Maybe you've seen the streams of water, flowing through LA’s storm channels and flood drains - all that water headed to the ocean, despite the historic drought.
Now, city and state officials are looking for ways to capture that runoff water.
“We're probably talking about well over a hundred million gallons a day,” Mark Gold, of UCLA’s Institute of Environment and Sustainability.
Gold’s UCLA think-tank studies water use in urban environments worldwide, and he said that runoff water, usually ignored in wet years, could potentially be used to alleviate the drought impact across Southern California.
“The water that we see in the LA River or the San Gabriel River, 365 days a year? That's 'dry weather runoff,'” Gold said.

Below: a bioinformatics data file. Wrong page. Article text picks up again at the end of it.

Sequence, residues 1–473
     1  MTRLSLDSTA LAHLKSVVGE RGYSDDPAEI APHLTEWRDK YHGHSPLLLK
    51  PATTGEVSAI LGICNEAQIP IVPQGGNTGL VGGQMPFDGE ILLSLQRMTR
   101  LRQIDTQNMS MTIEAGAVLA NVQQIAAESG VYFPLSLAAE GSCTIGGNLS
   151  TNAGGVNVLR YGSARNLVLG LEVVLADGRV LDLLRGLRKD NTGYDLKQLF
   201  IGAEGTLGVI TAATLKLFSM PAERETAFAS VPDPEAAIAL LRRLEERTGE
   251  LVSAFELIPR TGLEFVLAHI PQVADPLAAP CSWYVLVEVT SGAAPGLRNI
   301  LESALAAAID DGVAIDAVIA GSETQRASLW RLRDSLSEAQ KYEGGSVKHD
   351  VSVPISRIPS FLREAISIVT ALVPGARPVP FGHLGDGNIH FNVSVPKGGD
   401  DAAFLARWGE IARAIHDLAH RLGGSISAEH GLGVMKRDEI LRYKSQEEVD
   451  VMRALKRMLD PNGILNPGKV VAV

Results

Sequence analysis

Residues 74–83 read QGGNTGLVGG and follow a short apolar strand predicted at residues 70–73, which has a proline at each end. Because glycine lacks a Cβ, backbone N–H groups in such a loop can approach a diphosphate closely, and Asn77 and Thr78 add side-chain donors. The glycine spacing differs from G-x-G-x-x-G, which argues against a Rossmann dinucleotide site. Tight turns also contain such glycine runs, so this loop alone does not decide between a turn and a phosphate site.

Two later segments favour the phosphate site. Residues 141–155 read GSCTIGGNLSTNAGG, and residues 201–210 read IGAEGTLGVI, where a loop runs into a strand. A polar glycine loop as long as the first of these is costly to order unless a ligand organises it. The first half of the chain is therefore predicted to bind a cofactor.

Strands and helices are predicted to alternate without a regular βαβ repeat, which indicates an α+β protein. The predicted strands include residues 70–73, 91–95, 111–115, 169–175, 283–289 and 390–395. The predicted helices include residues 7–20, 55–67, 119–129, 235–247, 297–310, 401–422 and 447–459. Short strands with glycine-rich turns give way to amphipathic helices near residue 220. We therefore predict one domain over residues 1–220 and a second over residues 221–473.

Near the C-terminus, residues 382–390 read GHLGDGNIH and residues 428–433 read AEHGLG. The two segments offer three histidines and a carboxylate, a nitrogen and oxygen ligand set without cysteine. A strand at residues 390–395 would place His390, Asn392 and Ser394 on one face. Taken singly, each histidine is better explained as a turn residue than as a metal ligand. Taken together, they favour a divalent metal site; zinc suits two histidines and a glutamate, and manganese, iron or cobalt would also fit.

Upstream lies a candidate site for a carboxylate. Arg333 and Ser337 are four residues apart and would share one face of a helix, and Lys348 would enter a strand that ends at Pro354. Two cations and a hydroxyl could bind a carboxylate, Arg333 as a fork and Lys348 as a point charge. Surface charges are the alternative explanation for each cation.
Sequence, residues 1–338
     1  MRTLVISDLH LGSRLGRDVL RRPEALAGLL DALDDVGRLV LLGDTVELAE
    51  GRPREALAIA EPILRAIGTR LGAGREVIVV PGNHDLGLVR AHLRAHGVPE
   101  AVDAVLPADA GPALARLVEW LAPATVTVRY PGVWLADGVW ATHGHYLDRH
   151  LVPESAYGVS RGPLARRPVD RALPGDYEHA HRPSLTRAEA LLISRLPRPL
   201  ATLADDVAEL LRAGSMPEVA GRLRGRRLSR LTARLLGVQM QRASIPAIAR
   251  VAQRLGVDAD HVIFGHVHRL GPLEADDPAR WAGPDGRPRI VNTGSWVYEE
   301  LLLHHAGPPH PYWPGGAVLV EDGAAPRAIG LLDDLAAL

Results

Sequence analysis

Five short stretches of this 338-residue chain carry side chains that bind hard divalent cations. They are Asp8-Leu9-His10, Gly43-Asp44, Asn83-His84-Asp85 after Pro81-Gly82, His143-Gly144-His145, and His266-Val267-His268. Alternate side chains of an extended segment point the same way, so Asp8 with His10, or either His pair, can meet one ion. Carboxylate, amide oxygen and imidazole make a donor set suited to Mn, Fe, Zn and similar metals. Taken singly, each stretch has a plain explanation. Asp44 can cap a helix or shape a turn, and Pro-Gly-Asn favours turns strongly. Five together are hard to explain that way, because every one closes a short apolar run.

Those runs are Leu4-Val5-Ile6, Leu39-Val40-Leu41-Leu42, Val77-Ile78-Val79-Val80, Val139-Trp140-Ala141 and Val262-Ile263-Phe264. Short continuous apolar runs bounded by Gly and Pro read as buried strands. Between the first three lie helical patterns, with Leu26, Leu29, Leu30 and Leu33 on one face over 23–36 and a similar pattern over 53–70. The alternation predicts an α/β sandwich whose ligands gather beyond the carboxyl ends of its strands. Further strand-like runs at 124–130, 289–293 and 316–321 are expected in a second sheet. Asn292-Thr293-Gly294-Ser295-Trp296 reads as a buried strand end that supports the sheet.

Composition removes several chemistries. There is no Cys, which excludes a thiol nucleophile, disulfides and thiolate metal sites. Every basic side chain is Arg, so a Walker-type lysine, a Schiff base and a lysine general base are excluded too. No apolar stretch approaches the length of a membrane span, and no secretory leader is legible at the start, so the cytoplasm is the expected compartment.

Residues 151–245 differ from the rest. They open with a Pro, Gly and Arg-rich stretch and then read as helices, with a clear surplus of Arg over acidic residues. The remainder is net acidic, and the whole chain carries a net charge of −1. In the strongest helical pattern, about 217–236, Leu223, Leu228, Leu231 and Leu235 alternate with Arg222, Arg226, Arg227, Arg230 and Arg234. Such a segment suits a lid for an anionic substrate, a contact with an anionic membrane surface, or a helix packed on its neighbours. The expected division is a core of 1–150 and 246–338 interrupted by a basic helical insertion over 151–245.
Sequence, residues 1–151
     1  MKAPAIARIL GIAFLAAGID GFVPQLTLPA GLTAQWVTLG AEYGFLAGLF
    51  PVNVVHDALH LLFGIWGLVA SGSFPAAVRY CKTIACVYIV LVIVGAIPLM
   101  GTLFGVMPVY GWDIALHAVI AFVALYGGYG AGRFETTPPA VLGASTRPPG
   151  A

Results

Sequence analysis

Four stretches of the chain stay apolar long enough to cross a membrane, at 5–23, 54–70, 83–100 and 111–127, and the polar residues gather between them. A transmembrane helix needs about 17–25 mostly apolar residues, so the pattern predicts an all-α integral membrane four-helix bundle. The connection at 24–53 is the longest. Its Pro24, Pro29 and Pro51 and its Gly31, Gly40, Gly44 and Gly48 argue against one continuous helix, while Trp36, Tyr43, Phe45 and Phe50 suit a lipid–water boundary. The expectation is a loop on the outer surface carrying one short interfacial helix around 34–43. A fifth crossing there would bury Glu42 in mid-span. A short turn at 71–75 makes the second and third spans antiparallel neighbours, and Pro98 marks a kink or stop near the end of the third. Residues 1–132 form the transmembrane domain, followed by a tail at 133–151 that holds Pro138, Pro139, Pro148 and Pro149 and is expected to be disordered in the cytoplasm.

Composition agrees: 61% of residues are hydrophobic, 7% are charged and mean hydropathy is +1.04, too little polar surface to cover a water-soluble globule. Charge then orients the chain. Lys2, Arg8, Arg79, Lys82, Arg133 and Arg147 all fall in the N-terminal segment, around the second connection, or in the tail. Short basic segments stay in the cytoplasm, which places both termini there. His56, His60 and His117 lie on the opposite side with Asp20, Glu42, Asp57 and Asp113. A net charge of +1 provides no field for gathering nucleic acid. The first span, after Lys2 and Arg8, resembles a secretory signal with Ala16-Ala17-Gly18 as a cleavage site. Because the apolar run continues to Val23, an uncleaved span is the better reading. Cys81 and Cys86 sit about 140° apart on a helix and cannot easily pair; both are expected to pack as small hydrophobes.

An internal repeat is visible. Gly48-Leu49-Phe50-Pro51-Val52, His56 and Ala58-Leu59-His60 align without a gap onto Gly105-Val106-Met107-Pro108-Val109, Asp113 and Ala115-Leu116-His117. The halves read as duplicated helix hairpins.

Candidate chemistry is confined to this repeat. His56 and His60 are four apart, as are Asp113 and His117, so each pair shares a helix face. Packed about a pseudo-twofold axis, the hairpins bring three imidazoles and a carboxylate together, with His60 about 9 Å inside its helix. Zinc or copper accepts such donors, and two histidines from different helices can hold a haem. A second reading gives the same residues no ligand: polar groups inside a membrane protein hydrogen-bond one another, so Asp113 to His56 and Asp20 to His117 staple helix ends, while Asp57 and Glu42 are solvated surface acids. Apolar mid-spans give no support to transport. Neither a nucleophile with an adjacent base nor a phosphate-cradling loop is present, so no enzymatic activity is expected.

It comes from over-irrigation, from small lawns to huge golf courses and parks. Ground water retention areas also feed the channels. It also comes from construction sites, and even sewage treatment facilities.
“A lot of that water is not being recycled - although it should be - and it ends up getting discharged in the LA River, where it goes all the way to Long Beach and the Queen Mary,” he said.
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But that may be about to change. City officials and others are trying to figure out how to capture that water and put it to use in, potentially, hundreds of thousands of homes.
A bill signed into law by governor brown a couple of weeks ago mandates that water agencies work such projects into all future plans.
Gold says the city of LA is moving forward, but lags behind many of its county neighbors.
“They're planning on it. It's just, they have a lot to catch up,” he said.